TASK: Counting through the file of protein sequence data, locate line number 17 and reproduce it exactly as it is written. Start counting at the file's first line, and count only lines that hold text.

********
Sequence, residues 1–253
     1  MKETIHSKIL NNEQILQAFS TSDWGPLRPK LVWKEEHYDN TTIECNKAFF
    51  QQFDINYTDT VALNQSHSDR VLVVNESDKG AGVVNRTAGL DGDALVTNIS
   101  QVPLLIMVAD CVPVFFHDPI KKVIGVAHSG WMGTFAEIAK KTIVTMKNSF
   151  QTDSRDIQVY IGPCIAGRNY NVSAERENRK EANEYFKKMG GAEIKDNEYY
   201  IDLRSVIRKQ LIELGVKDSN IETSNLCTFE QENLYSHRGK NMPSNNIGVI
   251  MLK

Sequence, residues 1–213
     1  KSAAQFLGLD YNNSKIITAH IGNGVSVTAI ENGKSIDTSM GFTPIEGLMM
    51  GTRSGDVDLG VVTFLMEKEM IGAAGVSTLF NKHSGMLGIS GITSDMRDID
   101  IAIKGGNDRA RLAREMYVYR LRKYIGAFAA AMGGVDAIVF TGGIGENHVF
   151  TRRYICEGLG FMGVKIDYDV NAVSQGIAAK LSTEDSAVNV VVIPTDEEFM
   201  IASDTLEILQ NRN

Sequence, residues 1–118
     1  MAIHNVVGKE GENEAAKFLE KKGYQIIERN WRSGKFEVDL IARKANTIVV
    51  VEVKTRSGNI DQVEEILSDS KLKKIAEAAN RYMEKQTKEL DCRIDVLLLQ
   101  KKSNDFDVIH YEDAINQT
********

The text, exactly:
   101  KKSNDFDVIH YEDAINQT